“Fuck off,” she says. Her lips are a clumsy red, like fake blood.

“That’s fair, pretty lady,” he says. He closes his eyes. Under his eyelids, little red lines wriggle and writhe. It reminds him of ghosts, so he opens them again. A little cloud of ghost gnats hover over the dumpster, glowing faintly and mingling with the real ones.

“Death is everywhere,” he says. He feels exhausted, and also like there’s a chunk of vomit caught at the bottom of his throat. A little breeze blows the smells of warm garbage and cinnamon smoke all over the half-full parking lot. He’d like to take off all his clothes and lie down on the hot asphalt like it’s a black beach and let the wind tangle in his scraggly chest hair, but this girl is looking him up and down like she’s trying to find his slim, handsome brother somewhere inside his chubby, drunk body.

“He didn’t kill himself.”

“Who didn’t?” Law asks.

She looks at him now like she’s really seeing him. Recoils, a little. Her yesterday’s-rain eyes squinting in disbelief.

“Your brother. Who else is there?”

“Why?” he says. His hand against the dumpster is really hot now, but if he lifts it he’s not sure he’ll be able to stand. And if he can’t stand, he won’t be able to throw up. And if he can’t throw up, he might never feel better. The ghost of a fat horsefly buzzes soundlessly by his nose and he bats at the air with his off hand, wiping away smoke like smudges on the air. The ghost of the fly passes through his palm, and makes him feel cool and slimy.

“The newspaper said he had ligature marks on his wrists, but he was supposed to be alone in the basement. There were also bite marks on his shoulder and neck, and scratches on his back,” the girl says. She raises an eyebrow. “I didn’t put them there.”

“That wasn’t in the paper,” Law says.

“It also said his body was practically frozen. Like somebody had put him in a cooler and moved him.”

“How do you know all this?”

She looks at him, then looks at the sky, then the trash, as if trying to decide which is farther away and more useless. She plants her now-stubby cigarette with its fine cap of ash in her lip and digs in her purse. She pulls out a manila folder, creased and bent, with his brother’s name on the tab.

“I paid the coroner for this,” she says, looking at her feet. He looks too. Her black shoes are open-toed, and he can see chipped red polish that reminds him of high school.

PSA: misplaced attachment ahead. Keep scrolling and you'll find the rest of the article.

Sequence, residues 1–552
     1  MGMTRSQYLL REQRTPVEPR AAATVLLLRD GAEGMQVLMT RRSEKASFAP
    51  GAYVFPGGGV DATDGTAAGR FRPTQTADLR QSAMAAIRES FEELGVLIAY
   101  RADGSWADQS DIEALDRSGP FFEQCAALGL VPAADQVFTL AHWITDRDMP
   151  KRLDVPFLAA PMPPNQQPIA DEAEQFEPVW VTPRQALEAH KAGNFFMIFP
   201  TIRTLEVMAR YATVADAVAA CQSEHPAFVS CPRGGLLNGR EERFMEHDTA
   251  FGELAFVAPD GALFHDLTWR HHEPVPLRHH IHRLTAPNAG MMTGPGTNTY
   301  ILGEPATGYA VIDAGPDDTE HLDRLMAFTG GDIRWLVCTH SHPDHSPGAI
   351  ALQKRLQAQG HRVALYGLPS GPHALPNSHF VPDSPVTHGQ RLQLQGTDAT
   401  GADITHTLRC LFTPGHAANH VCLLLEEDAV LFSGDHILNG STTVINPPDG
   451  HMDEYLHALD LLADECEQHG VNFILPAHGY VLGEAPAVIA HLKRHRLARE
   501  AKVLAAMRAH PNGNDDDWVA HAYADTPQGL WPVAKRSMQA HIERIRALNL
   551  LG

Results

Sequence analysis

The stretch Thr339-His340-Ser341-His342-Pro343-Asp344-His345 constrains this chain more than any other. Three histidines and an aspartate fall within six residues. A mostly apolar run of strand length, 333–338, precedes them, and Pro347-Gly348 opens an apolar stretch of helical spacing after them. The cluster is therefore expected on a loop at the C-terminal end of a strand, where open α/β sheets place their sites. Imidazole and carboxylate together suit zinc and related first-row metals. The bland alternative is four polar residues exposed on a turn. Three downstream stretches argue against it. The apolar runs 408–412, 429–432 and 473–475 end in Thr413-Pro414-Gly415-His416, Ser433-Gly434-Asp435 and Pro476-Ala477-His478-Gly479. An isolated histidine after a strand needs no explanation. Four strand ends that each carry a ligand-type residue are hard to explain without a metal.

“I’ll bet,” he says, reaching for the folder. She jerks it away and he grabs a fistful of air. He’s so disconcerted that he thinks, for a moment, that his hand must have passed through it. That it’s not a real file, but the ghost of a file.

“Don’t be a dick,” the girl says, then offers the folder again.

“Sorry,” he says. He pushes off the dumpster and stands up straight. The world shimmers and splits apart in his head. The ghost of a rat scurries over his shoe and under the dumpster.

“You are Arthur’s brother, right? You’re Lawrence? I need your help.”

Law makes a noncommittal grunt and takes the folder. The words swim on the page. The outline drawing of a bald, naked baseline man with little notes scribbled in the margins. This could be anybody.

“Law,” he says, and the girl shrugs.

“Why do they call you that?” She flicks her cigarette impatiently into the trash.

“Because,” he says, then turns away a little. The scent of hot trash and this little town, pizza and fryer oil and little corruptions like drugstore colognes, wafts up at him on a highway wind, and something unclogs in him, and he throws up onto the sleeve of his jacket.

She looks at him now like she’s really seeing him.

Hometowns are like memories. Coming home is like trying to remember something, but it’s all mixed up. His brother was thirteen, and Law was sixteen, and they were wrestling. He remembers the feel of Art’s bony shoulder blades against his chest like clipped wings. He remembers the ghost of their old cat, Cloud, who’d been run over by a school bus full of horrified children a few years before, lounging on the porch, lazy and transparent. He remembers the ghost of Cloud getting up and slinking through him while he and his brother rolled on some grass, chilling his spine and locking him up. His slim brother, already almost taller than Law, kneeing him in the gut. Being completely breathless on the lawn, pinned on his back. Humiliation, and that huge northwestern sky, as broad as the palm of God. They were already falling out of brotherhood and conditionless friendship and into the greater strangerhood of adolescence. Art, perhaps confused about what was supposed to come next after having pinned Law, slapped him across the face. And Law bit Art’s wrist hard enough to draw blood. The taste of pennies and the sea.

It’s all jumbled up. In his memory, it feels like he’s the one being bitten. In fact, now, in the girl’s car, watching the brick buildings of his childhood fall past them as if they are the actual crumbling bricks that built his childhood, it feels like he’s being bitten. His mouth tastes full of blood.